Portrait of a suburban dad

September 28, 2017

So I don’t know why, but I’ve felt this need to write about someone in particular lately. I keep seeing his face and thinking about all the things I can remember about the guy for several days now, so maybe writing what I know will get this out of my mind. That isn’t to say it’s been haunting my dreams or bugging me immensely, but maybe it’s just my creative juices churning to do something useful.

I’m 37 years old. I live in the suburbs. I frequently go on walks or runs and see many other men in their yards or driving by, sometimes young fathers, sometimes old timers. A lot of the old “dad” stereotypes are long in the past, but a lot of the time, I see someone that reminds me of him.

When I was five, in kindergarten, I made a new friend. His name was Brad, and his family was new to the little town we lived in. The actual classification was a village, a town under a certain population. It’s now a city, but seems just as small.

Anyway, they moved into a brand new house a few blocks from me. They had just come from Mansfield, and before that, Ashland. His parents and his brother (five years older than him) were all big sports fans, specifically, football.

The man looked very similar to Calvin’s dad from Calvin and Hobbes. Bald, with glasses, but a smile that never seemed to go away. He worked for a food brokerage company in Toledo, and their fridge and pantry were always filled with the newest, best snacks and food. Remember Hostess Choco-bliss? Those things were stuff in the fridge and always an awesome treat when I went over there.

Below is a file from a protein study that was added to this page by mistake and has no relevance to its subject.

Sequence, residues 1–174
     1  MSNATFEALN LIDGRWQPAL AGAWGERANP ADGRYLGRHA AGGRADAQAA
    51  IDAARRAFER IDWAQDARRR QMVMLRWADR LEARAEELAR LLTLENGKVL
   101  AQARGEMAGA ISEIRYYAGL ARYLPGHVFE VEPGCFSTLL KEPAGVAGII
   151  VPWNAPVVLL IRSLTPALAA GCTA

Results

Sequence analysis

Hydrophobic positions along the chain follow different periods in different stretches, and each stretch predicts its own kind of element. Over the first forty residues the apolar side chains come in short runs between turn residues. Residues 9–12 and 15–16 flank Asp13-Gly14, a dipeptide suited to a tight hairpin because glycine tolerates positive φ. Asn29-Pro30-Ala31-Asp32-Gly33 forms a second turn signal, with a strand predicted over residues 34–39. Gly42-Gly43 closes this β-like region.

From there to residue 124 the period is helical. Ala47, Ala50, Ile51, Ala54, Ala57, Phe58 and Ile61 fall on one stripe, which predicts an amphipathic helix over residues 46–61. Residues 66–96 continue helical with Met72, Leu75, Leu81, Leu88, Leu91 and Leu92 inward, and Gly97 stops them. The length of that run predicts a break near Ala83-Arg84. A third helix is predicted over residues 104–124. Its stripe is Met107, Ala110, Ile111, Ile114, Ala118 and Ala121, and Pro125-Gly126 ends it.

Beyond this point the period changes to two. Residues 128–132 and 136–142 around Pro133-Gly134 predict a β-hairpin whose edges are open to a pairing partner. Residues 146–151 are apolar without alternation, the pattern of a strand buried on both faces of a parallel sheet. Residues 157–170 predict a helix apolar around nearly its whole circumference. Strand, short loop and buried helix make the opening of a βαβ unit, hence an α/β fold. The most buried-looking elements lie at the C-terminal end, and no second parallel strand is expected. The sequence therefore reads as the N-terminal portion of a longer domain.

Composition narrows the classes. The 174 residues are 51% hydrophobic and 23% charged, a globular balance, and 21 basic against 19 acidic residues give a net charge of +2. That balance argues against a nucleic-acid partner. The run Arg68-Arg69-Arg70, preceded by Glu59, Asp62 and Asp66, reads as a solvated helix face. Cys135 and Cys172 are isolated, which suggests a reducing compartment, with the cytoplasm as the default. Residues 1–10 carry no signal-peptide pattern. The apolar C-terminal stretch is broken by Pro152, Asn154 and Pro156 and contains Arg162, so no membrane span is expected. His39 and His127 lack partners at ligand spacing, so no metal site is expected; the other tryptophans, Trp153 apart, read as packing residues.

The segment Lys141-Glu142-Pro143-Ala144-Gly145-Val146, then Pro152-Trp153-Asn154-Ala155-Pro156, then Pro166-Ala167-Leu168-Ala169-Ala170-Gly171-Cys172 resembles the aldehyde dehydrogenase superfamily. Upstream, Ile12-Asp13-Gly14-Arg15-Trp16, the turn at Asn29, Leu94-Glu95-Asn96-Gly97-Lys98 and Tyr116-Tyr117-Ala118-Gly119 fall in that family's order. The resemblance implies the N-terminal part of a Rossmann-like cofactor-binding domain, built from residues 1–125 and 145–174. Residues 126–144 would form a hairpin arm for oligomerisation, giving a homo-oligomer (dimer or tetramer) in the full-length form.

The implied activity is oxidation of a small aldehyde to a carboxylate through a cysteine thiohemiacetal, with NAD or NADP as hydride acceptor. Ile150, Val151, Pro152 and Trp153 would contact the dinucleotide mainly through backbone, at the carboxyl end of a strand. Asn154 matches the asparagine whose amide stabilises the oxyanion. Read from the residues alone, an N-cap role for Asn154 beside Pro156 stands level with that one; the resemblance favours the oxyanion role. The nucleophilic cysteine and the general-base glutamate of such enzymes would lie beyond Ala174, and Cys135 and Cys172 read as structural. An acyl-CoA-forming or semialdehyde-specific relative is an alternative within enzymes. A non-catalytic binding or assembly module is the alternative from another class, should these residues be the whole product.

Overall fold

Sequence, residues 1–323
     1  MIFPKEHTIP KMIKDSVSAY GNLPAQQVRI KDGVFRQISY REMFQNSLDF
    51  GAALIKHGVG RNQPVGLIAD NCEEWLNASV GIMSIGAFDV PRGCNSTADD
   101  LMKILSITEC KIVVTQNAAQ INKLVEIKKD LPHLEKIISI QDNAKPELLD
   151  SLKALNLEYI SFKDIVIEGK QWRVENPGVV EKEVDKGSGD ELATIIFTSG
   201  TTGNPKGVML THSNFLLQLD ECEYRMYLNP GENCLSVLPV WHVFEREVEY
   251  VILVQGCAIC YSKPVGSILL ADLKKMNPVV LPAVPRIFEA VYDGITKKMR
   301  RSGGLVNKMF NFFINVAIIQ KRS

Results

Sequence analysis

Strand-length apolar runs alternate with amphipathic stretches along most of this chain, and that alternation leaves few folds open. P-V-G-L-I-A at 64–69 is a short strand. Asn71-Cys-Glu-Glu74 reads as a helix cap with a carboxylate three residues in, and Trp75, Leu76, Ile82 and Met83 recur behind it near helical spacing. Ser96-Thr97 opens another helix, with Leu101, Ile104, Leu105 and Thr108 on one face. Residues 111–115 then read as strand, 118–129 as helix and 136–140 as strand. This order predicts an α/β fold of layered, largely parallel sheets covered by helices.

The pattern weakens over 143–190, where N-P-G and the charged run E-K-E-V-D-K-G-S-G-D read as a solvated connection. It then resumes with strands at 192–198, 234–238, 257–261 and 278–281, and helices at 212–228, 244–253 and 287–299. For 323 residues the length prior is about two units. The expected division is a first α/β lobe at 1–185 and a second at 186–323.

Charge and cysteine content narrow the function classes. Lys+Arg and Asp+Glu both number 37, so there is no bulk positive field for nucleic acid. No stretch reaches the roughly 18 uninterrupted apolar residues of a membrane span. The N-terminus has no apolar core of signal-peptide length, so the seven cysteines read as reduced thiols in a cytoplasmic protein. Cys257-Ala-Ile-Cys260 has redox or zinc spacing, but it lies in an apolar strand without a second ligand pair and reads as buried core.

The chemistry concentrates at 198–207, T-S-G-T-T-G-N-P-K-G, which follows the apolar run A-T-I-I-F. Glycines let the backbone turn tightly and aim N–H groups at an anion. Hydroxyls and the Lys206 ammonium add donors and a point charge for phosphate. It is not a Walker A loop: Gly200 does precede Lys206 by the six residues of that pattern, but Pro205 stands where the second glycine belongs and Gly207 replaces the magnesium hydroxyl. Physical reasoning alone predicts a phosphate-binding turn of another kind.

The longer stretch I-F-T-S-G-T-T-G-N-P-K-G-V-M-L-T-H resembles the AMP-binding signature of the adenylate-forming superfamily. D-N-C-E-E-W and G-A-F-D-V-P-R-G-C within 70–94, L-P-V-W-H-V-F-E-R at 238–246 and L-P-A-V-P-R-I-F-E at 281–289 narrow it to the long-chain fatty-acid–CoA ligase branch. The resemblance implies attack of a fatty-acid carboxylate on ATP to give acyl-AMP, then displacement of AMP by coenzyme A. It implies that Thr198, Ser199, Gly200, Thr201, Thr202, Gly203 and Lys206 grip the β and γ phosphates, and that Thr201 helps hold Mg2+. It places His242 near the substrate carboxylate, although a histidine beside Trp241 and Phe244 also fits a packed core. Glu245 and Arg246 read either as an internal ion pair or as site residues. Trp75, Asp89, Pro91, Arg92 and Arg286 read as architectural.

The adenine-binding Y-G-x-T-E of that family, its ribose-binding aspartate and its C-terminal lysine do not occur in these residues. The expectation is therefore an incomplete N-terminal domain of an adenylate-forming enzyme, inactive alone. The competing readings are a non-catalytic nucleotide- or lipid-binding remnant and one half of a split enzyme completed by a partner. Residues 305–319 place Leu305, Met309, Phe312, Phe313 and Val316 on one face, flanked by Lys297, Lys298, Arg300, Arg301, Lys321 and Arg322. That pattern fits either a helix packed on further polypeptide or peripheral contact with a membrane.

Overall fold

He’d come home from work in a black suit every day. Brad and I would dogwalk up the stairs, and he’d quickly bark out “WALK!” even though we never did. If he was hanging around the house, he’d wear a golf shirt and either khakis or dress shorts.

It was the 80’s, and his tan, 4-door sedan Buick Regal sat proudly in the garage. It was the kind of car that showed status, but not too much. His golf clubs, always in the trunk of that car, were his pride and joy.

The man loved University of Michigan football. On game days, he’d hang the flag with pride outside of his garage. How many times did I see him in a blue or maize polo with a big, embroidered “M” over the left breast? Many.

I only heard him yell in anger once. One Saturday night, I spent the night and when my friend went to the bathroom before bed, he locked the door. For some reason, his dad didn’t like that so he somehow jimmied the door open and screamed about how “we don’t lock doors in this house!” Because, you know, an eight-year-old boy is doing so many horrible things in the bathroom with the door locked.

I never understood why parents enjoy watching their kids take a shit. My whole family often lined up to stare at me as I sat on the toilet. Don’t believe me? Trust me, it’s not something I’d make up. People are strange, but in my opinion, it’s rather sick to willingly want to watch someone take a dump. To each his own, I guess.

So, that was my friend’s dad. I haven’t seen him in years and I know that they moved out of that house way back in the mid 2000’s, but every time I am at my Mom’s and go out for a walk or a jog, I make sure to go by that house. I fondly remember Brad and me playing with GI Joes or Legos, playing Nintendo or watching R-rated movies.

But I also remember his dad.



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